Another year, another anti-climax. The 8th Michelin Guide Hong Kong and Macau has just been announced, and we can’t help but feel that the industry standard is increasingly losing touch with the increasingly vibrant Hong Kong dining scene. Here’s some food for thought:
- The Langham’s T’ang Court becomes the only new three-starred dining room, joining last year’s carryover three-star holders Bo Innovation, L’Atelier de Joël Robuchon, Ling King Heen, 8 1/2 Otto e mezzo Bombana and Sushi Shikon.
- Causeway Bay’s Forum gains a second star in two years, and Langham Cordis’ Ming Court also picks up a second.
- Philippe Orrico’s ON Dining has picked up its first star — a terrific result for one of the hardest working chefs in town.
- Likewise for Wan Chai institution Serge et le phoque. The boys were unlucky to miss out on a star last year but we’re glad to see them being rewarded in this year’s edition.
- Also picking up its first star is Ta Vie. Chef Hideaki Sato made a brave choice to cross the harbour to head an innovative contemporary kitchen a couple of months ago, and he’s been rewarded justly.
- Street food has been included in this year’s Guide for the first time, with cult favourites LKK North Point’s superior egg waffles, Sham Shui Po institution Kung Wo Tofu and Yuen Long dessert stall Kai Kee among those being recognised.
- No ÉPURE or Mott 32. Astounding. Inexplicably, InterContinental’s sublime Steak House also lost its star.
- Usually two stars would be cause for celebration — but we think Richard Ekkebus was unlucky to miss out on a third. After a stellar year which saw his Amber once again being ranked the best restaurant in Hong Kong (and the fourth best in the region) at Asia’s 50 Best Restaurants, as well as the personal accolade of being named Chefs’ Choice at the same ceremony, he’s not getting the same love from Michelin.
- Lei Garden — again. The Kwun Tong branch becomes the fifth branch of the Cantonese chain to pick up a star. We’re not so convinced. At least the vastly overrated Din Tai Fung finally lost theirs, so maybe the judges got something right?
- While it was good news for ON, we’re pretty surprised Philippe Orrico’s Upper Modern Bistro lost its star.
- Nurdin Topham’s exceptional NUR was relegated from the stars. We definitely feel the judges have a case to answer on this one — Topham’s is by far one of the most innovative kitchens in the city, and his confidence as a chef only seems to have grown this year.
- Bo Innovation was once at the forefront of our dining scene. We’re fans of Alvin “Demon Chef” Leung, but surely the time of fawning over molecular cuisine has passed?
- L’Atelier de Joël Robuchon — is the name alone what’s swaying the judges here?
- The Pawn goes without as well — surely Tom Aiken’s first Hong Kong kitchen is among the best of the internationals, and deserves at least a mention?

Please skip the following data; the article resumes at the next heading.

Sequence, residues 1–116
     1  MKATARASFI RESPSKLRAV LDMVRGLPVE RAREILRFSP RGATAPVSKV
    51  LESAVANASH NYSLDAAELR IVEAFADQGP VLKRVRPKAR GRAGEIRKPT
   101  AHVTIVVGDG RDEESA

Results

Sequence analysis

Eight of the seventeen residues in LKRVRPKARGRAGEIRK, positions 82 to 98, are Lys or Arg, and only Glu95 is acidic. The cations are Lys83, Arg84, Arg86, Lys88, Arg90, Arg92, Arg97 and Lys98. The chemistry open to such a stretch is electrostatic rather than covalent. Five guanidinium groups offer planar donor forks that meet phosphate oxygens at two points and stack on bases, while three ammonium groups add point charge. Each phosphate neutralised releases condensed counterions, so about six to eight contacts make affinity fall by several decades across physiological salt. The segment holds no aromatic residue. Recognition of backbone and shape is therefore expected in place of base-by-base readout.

What it all means
We shouldn’t be too surprised with this year’s list. The Michelin Guide showed last year that it’s increasingly losing touch with Hong Kong’s dining scene, and this year the judges seem to have stubbornly persisted down this path.
Our restaurant scene is so much more vibrant than it was even just a year ago, with a slate of new openings heralding a long overdue shift towards more casual, less formal arrangements. None of the restaurants that have paved the way for this style seem to have been recognised, even in the Bib Gourmand section (which is just one step down from the stars) — Mott 32 and NUR are two deserving dining rooms that come to mind.
The Michelin cupboards of the prolific Yenn Wong and Malcolm Wood also remain frustratingly bare, with only the former’s Duddell’s retaining its two-star status. If anyone has spearheaded the aforementioned change in our dining scene more than these two, we’d like to know about it. In a similar vein, Black Sheep Restaurants goes empty-handed too – Carbone and Ho Lee Fook remain not only some of the hottest tables in town, but also among the best.
What the Guide succeeds in doing once again though is celebrating local institutions, and the addition of a dedicated street food list is a wonderful way to recognise a part of our city’s eating culture that is so beautifully engrained. That said, a more cynical perspective could be that this new addition is merely a pitch for a conversation starter or, worse, a ploy to show that they actually are in touch with how Hong Kong eats.
It’s no wonder that the industry is ultimately looking more to San Pellegrino’s list of the 50 Best as a better form guide. Until the judges show a bit more mettle and allow themselves to branch out, the differences between the two will become even more pronounced.
Michelin Guide Hong Kong 2016: The full list
3 stars: Exceptional cuisine, worth a special journey
- 8½ Otto e Mezzo BOMBANA
- Bo Innovation
- L’Atelier de Joël Robuchon
- Lung King Heen
- Sushi Shikon
- T’ang Court (new)
2 stars: Excellent cooking, worth a detour
- Celebrity Cuisine
- Forum (new)
- Ming Court (new)
- Shang Palace
- Summer Palace
- Sun Tung Lok Chinese Cuisine
- Tenku Ryu Gin
- Tin Lung Heen
- Wagyu Takumi
- Yan Toh Heen
1 star: High quality cooking, worth a stop
- Ah Yat Harbour View Restaurant
- CIAK – In The Kitchen
- Fook Lam Moon
- Fu Ho Restaurant
- Golden Leaf
- Golden Valley
- Guo Fu Lou
- Ho Hung Kee
- Jardin de Jade
- Kam’s Roast Goose
- Kazuo Okada
- Lei Garden (Central, Kowloon Bay, Mong Kok, North Point, Sha Tin, Wan Chai)
- Loaf On
- Man Wah
- Mandarin Grill + Bar
- MIC Kitchen
- ON Dining (new)
- Pang’s Kitchen
- Peking Garden (new)
- Seasons by Olivier E.
- Serge et le phoque (new)
- Sing Kee Seafood Restaurant
- Spoon by Alain Ducasse
- Ta Vie (new)
- Tate Dining Room & Bar
- The Boss
- Tim Ho Wan, the Dim-Sum Specialists (North Point, Sham Shui Po)
- Yat Lok Restaurant
- Yu Lei
- Yè Shanghai (Tsim Sha Tsui)
- Wagyu Kaiseki Den
- Zhejiang Heen